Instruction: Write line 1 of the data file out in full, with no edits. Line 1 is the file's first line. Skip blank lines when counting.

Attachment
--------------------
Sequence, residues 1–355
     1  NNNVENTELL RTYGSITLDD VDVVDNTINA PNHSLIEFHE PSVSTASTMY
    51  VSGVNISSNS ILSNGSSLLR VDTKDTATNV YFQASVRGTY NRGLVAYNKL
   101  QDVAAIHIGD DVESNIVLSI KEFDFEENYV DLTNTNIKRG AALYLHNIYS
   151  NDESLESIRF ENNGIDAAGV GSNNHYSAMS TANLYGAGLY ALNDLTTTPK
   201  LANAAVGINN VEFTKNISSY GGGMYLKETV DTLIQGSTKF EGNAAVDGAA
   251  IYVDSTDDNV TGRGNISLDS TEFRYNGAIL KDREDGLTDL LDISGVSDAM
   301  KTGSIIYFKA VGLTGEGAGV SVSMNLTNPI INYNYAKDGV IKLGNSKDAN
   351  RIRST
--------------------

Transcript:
Sequence, residues 1–355